6. Fasting elevates the human spirit and increases our awareness of God. It strengthens our will-power as we learn to rise above our lower desires. The institution of fasting is both unique and a shared experience in human history. From the very beginning of time, humans have struggled to master their physical and psychological selves: their bodies and their emotions. Hunger is one the most powerful urges that we experience. Many, through over- or under-eating or consumption of unhealthy foods, abuse this urge. Thus, when a person purposefully denies something to their own self that it craves, they are elevating their mind above their body, and their reason and will above their carnal passions. “A fasting person empties his stomach of all the material things: to fill his soul with peace and blessings, to fill his heart with love and sympathy, to fill his spirit with piety and Faith, to fill his mind with wisdom and resolution,” says H. Abdalati in Islam in Focus. The person who can rule their desires and make them work, as they like, has attained true moral excellence.

7. With the clarity of mind and absence of distractions, also comes a greater focus. As students, the period of fasting, especially early during the day, serves as a tool to focus our minds on our academics. In the month of Ramadan, many Muslims try to avoid watching TV, listening to music, and some other leisure activities, which spares them more time and energy to be spent on more productive activities such as academics, intense study of Islam, voluntary prayers, social and humanitarian causes, and a quality time with the family, to name a few. It is a reminder of our duty to God, our purpose and higher values in life, as God Himself describes the purpose of fasting as follows, “O you who Believe! Fasting has been prescribed for you as it was prescribed for those before you, so that you may develop consciousness of God” (Quran 2:183).

8. Fasting has numerous, scientifically proven, benefits for our physical health and mental well-being. The time, length and nature of the Islamic Fast all contribute to its overall positive effect. One of the medical benefits is a much-needed rest to the digestive system. The reduced food intake during the day allows the body to concentrate on getting rid of harmful dietary toxins accumulated as natural by-products of food digestion throughout the year. The length of the Islamic Fast itself (around 12-14 hours) is in sync with the ‘transit time’ of food from the mouth to the colon of the large intestine, ensuring that no stimulus reaches the stomach or digestive system while it remains in homeostasis. Therefore, for the vast majority of healthy individuals fasting poses no medical risks but in fact provides many health benefits, such as: an increase in serum Magnesium, essential for cardio-vascular health and prevention of heart complications; improvement in the quality and depth of sleep; improvement in memory and slower skin aging over time; increased production of growth hormone, etc. Also, as a general note, it has been observed that underfed animals live longer than their heavily fed counterparts and suffer fewer illnesses during their lives.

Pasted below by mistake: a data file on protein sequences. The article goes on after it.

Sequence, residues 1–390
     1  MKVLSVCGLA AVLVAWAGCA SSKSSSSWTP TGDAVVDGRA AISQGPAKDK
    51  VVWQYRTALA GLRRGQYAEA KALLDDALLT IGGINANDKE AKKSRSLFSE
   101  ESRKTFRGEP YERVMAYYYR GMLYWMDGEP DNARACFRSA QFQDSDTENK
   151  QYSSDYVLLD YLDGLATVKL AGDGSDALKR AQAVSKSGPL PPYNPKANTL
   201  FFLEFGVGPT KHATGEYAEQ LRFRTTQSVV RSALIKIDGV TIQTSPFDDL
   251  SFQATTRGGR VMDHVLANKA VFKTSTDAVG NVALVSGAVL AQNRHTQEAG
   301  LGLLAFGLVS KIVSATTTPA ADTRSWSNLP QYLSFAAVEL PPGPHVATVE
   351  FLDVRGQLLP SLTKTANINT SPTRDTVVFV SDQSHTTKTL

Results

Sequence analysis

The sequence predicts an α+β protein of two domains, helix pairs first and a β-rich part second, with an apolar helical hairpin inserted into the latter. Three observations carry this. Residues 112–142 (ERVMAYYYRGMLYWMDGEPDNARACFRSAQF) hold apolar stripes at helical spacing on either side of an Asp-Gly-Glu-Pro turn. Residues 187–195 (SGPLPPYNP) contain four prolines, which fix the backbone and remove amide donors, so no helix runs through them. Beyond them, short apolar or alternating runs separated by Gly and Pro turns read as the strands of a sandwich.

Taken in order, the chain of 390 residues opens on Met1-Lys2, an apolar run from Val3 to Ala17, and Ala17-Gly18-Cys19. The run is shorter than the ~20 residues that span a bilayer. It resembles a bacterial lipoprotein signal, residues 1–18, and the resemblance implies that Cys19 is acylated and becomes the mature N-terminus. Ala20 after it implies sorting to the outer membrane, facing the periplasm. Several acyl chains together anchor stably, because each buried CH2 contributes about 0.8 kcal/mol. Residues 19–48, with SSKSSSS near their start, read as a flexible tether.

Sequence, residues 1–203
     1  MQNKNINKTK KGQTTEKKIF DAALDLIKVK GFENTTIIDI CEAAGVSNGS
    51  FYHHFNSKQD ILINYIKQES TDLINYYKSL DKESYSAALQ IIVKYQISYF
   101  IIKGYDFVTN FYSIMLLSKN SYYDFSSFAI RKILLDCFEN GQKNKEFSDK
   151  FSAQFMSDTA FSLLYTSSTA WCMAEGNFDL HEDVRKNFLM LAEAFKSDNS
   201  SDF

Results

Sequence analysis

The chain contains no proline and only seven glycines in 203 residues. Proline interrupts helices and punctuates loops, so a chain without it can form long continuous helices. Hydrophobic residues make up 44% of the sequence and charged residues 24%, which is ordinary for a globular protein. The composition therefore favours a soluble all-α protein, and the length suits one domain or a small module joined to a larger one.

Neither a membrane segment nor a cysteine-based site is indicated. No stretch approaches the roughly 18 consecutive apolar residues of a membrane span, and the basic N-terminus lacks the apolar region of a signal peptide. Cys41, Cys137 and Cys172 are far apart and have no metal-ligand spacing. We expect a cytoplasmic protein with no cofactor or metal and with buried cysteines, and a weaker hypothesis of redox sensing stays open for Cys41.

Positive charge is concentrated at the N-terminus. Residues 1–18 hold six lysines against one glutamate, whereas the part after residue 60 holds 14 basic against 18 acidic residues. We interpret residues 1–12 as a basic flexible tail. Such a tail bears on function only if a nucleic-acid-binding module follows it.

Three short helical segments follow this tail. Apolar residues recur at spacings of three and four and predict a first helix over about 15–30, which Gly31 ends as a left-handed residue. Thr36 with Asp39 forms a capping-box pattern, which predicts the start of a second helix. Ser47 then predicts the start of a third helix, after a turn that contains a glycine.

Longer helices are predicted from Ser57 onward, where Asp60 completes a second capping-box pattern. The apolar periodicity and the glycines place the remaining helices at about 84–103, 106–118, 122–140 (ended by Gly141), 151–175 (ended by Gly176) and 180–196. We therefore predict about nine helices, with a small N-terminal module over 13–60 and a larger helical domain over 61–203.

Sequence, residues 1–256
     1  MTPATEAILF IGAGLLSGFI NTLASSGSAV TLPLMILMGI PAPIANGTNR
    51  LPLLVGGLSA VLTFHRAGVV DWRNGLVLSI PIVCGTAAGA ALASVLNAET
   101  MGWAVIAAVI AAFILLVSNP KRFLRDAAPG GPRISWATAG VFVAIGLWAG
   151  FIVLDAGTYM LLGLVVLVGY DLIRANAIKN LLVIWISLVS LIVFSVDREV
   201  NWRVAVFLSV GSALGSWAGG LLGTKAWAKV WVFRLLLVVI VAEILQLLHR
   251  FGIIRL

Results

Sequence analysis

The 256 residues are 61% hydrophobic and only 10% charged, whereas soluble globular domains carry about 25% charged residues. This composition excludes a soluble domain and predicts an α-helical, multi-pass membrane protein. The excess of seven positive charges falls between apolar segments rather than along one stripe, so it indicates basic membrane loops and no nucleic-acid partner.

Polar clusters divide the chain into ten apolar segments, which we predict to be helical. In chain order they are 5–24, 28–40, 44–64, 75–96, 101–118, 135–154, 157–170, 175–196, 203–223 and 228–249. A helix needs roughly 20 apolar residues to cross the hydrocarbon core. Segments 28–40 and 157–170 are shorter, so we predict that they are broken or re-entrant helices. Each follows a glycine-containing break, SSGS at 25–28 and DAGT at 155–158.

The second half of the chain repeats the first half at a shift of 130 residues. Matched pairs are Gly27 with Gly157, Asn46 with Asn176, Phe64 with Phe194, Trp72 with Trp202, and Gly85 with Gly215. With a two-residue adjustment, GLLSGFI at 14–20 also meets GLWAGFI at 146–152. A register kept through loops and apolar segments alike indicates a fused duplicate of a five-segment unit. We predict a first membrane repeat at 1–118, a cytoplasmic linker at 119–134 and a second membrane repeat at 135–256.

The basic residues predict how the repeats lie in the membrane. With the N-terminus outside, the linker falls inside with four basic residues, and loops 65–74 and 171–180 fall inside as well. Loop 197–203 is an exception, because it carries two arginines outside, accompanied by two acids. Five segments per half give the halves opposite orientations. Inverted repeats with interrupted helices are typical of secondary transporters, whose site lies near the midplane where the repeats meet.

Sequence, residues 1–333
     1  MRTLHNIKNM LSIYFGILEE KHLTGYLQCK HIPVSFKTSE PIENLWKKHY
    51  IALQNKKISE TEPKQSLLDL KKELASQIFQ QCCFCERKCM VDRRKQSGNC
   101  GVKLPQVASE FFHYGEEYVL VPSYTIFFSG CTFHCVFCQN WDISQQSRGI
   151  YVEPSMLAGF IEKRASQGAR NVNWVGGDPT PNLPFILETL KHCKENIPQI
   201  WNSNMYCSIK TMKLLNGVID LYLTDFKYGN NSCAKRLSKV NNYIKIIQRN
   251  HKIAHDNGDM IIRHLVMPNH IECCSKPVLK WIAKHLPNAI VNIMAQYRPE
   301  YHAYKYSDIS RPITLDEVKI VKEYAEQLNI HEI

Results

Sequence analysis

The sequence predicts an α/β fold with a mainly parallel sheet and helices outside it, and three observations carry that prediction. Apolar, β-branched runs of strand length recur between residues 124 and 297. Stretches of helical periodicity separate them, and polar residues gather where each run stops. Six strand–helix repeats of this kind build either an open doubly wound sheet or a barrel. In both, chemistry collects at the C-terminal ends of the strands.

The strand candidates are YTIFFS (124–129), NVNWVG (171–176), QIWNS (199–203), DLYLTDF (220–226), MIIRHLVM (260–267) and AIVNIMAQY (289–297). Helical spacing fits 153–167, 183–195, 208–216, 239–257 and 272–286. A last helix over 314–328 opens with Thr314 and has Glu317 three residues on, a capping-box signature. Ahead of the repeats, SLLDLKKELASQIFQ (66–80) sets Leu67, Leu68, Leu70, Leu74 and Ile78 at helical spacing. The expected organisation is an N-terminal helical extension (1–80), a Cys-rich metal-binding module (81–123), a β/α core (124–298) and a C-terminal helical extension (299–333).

9. The month of Ramadan provides us with a sort of “Boot camp.” It is a month of intense moral training. Since we know that Fasting is a special duty prescribed by God, we learn that any sins may spoil our record of fasting with God, so we go through great lengths making sure we are on our best behavior. Many people who experience fasting in this month, feel the impact that this intense training has on their habits, and realize the power of this transformative tool designed to make us better human beings- the ultimate goal of any spiritual exercise. The entire Ramadan atmosphere provides the driving force for this positive change.

10. It makes us realize the reality of life and death. Fasting makes us realize how dependant our lives are on things that we often take for granted, such as food and water. It makes us think about our dependence on God and God’s mercy and justice. Moreover, it reminds us of the life after death, which itself has a great impact on our character and our world-view.

11. Ramadan is a blessed month for a special reason: It is actually the month in which God first revealed His final message and guidance for mankind to our beloved Prophet Muhammad. This message has been perfectly preserved both orally and textually in the form of a Book, called the Qur’an (The Reading/Recital). Therefore, Muslims try to do an intense study of the Quran in this month especially, and evaluate their lives according to the standards and guidance contained in it.

12. After the month of Ramadan is over, Muslims celebrate one of the two most important holidays in the Islamic year: EID-UL-FITR, or the Festival of the Fast Breaking. It is a day to thank God for the blessing and training that He provides us with throughout the month of Ramadan. EID-UL-FITR is marked by praying in a huge congregation at an Islamic center or mosque, and by giving a small donation to the poor in the community. The adults give the donation on behalf of their children as well. Dinner parties, family outings, fairs, carnivals, and great joyous celebrations follow the prayer and charity. 

In a nutshell, even though the real purpose of the dynamic institution of Fasting is to discipline our soul and moral behavior, and to develop sympathy for the less fortunate, it is a multi-functional and a comprehensive tool of change in various spheres of our lives, including: social and economic, intellectual and humanitarian, spiritual and physical, private and public, personal and common, inner and outer —all in one!